Minita Gandhi represents a new voice in American theater who takes us on an epic journey of a coming of age first-generation Indian-American female. The “dark comedy” inspired by true stories takes us on magical but tragic trip to India. The play was originally developed and given four sold out workshop performances at Silk Road Rising Theater for their Solo Festival in downtown Chicago where it received a standing ovation each time. It was then invited to be a part of the prestigious Ignition Festival of new plays at the Tony Award winning Victory Gardens Theater in Chicago alongside esteemed playwrights such as Jose Rivera and Julia Cho, where it was sold out and received yet another standing ovation.  The Indo-American Heritage Museum invited Minita to do two special performances at the Raven Theater in Chicago and in Naperville where the play had the audience leaping to their feet once more.  The play has been skillfully directed by Heidi Stillman, the Artistic Director of New Work at Lookingglass Theater, featured on TVAsia, written up in Splash Magazine, and the Times of India.

 In 2014, while foraging through her parents’ basement, she discovered her father’s worn suitcase from his very first journey to the United States, with a single statement scribbled in black Sharpie on the back of the bag: “When I die, discard this bag if you like, until then it stays.” This sparked a curiosity about her parents’ life journey and led to vulnerable interviews where they shared stories from their history they had never spoken of before. The telling of these stories began to bridge the cultural and generational distance between her and her family. Gandhi then realized by weaving their stories with her own life-changing journey to India in 2009 for her brother's arranged marriage, she had a powerful story she had to share with the world. Muthaland shares the magic of her journey to India, full of prophets, ritual, and the convergence of American and Indian cultures.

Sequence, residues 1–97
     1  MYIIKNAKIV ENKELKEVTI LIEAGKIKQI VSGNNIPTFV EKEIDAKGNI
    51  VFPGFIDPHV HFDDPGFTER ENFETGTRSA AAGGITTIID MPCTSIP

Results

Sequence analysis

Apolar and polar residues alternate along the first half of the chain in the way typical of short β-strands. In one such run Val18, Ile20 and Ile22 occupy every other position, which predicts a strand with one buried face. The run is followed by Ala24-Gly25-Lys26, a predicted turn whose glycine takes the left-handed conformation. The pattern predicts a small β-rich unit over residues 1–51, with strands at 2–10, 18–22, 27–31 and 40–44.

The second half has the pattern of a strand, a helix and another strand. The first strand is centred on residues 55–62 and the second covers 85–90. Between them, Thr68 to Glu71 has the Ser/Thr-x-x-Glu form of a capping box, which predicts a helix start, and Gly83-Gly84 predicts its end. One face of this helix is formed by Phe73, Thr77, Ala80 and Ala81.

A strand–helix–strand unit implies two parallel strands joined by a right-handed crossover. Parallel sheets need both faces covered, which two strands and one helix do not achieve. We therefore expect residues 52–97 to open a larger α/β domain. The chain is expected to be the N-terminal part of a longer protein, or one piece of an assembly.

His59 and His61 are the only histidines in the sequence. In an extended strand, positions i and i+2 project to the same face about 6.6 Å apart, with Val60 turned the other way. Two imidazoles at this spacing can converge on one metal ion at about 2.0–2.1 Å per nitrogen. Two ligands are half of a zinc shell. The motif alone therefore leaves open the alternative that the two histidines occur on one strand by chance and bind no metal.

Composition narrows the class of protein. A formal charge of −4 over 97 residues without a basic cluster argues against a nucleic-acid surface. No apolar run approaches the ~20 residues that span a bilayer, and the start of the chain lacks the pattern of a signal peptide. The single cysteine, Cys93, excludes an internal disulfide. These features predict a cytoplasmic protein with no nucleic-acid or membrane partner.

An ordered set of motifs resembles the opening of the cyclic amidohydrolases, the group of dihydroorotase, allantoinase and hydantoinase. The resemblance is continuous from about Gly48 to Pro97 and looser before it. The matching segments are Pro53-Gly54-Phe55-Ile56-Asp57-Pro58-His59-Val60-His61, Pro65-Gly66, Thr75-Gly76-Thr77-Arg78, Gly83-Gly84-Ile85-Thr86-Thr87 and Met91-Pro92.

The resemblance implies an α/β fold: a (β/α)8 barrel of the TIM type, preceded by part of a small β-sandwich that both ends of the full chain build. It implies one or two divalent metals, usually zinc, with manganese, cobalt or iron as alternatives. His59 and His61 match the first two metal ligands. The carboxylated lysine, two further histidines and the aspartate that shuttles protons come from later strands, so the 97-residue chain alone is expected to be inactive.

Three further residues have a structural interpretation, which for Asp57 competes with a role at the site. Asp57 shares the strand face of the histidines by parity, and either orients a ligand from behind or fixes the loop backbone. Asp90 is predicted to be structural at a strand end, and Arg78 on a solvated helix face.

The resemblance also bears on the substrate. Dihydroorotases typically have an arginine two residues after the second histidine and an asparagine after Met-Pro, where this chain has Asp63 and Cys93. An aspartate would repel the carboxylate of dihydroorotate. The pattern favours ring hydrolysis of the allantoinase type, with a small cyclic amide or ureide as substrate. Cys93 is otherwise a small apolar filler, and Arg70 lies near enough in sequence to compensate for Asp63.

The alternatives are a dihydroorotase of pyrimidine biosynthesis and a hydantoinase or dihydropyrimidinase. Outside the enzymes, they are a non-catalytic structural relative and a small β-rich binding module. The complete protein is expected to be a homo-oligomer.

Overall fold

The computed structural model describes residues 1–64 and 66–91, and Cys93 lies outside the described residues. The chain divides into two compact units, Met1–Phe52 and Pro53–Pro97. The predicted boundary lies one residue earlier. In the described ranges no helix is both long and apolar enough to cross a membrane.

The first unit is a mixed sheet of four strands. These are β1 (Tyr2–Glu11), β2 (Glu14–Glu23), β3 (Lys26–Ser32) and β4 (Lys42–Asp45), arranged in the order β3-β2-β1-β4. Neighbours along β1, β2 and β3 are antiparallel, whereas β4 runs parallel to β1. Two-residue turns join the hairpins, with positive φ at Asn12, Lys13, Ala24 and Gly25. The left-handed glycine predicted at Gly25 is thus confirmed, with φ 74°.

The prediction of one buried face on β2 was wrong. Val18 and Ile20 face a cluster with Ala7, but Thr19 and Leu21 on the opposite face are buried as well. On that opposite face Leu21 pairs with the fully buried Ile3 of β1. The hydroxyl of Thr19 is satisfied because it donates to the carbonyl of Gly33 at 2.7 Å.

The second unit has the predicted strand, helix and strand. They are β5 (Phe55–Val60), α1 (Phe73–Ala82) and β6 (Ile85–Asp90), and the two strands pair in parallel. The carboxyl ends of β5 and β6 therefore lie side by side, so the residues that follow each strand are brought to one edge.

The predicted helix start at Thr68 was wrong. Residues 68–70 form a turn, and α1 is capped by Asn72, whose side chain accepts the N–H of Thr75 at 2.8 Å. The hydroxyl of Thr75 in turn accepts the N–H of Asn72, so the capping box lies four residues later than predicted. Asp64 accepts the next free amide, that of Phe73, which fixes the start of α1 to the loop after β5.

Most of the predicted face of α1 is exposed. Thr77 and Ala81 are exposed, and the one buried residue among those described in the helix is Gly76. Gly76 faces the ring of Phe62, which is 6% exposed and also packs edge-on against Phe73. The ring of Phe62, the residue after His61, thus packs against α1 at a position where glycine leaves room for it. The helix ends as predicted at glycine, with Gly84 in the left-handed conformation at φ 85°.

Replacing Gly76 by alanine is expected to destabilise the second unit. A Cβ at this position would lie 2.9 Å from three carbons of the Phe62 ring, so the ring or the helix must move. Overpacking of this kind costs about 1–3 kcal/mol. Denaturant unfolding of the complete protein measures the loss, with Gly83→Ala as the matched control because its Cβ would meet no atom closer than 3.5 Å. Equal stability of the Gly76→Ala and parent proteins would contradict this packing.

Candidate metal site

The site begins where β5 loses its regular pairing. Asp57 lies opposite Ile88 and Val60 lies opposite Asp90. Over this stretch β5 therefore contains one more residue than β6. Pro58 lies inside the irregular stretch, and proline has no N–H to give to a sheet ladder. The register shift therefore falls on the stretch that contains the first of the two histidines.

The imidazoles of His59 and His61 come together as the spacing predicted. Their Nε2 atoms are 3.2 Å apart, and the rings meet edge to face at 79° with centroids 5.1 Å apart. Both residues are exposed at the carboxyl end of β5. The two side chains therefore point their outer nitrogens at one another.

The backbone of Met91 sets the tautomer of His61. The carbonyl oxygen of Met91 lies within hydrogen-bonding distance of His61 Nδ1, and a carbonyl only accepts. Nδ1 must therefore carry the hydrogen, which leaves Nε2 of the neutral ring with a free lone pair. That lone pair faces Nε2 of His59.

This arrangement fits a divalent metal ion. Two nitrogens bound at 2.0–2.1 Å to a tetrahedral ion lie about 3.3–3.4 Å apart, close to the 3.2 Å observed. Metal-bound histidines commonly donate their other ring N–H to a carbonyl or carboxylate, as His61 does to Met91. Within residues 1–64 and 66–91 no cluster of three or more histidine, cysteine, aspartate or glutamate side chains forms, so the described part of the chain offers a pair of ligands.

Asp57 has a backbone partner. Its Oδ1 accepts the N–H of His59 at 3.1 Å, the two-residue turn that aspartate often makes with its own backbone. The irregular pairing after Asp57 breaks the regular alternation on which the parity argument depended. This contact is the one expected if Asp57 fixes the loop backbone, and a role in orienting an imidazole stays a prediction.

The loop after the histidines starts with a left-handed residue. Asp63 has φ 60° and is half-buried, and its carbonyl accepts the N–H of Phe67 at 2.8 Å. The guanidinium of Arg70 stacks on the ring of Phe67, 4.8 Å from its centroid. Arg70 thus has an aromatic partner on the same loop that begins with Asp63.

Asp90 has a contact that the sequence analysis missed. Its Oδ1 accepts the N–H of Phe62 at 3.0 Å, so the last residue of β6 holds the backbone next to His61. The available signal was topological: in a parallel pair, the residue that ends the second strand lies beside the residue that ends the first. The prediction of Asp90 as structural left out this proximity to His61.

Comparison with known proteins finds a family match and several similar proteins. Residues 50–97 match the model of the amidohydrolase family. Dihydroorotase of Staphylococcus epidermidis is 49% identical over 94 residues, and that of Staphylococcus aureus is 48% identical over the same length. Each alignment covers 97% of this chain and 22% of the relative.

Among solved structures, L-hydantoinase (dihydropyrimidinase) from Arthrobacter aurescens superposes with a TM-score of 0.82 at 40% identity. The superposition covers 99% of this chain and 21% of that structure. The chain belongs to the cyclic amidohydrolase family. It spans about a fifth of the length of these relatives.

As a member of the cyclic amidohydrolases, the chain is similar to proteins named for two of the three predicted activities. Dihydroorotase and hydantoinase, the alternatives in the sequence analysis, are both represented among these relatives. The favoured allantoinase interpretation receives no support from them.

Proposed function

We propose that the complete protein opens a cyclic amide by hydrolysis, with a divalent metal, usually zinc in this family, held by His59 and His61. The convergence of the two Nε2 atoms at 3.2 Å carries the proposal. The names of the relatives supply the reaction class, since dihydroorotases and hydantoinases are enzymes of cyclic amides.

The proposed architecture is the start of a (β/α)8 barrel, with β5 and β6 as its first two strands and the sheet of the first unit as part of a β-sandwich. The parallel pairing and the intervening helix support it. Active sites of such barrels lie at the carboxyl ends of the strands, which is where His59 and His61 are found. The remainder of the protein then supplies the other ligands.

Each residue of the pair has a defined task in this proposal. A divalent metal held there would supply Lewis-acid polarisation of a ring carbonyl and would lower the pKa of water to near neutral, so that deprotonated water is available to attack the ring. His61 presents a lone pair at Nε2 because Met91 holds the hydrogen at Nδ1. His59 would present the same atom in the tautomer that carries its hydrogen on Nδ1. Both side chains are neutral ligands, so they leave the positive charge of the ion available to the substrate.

After the first table read in 2015 a documentary entitled “India’s Daughter,” from BBC about the fatal gang rape of a young woman in New Delhi was banned because the Indian government felt it would “defame” India. Minita realized she could no longer treat the topic of sexual violence as a “bad dream.” She felt empowered to share her own experience with the world. It is Minita’s hope that Muthaland will bring love, laughter, hope to the community and bridge cultural and generational gaps regarding the culture of silence surrounding sexual assault and cultural identity.  She is currently in conversations to produce the world premiere of Muthaland to give it a full production and run.  She hopes to have it produced all over the USA and internationally and is actively seeking to do so.

Recently three graduate students from the Medill School of Journalism at Northwestern University shot a documentary about her life and the making of Muthaland.  It is being submitted to film festivals right now and will be released after the festival circuit is over.  The film is entitled MY MUTHALAND.

For questions about Muthaland or information on how to book the show at your venue click below to contact Minita.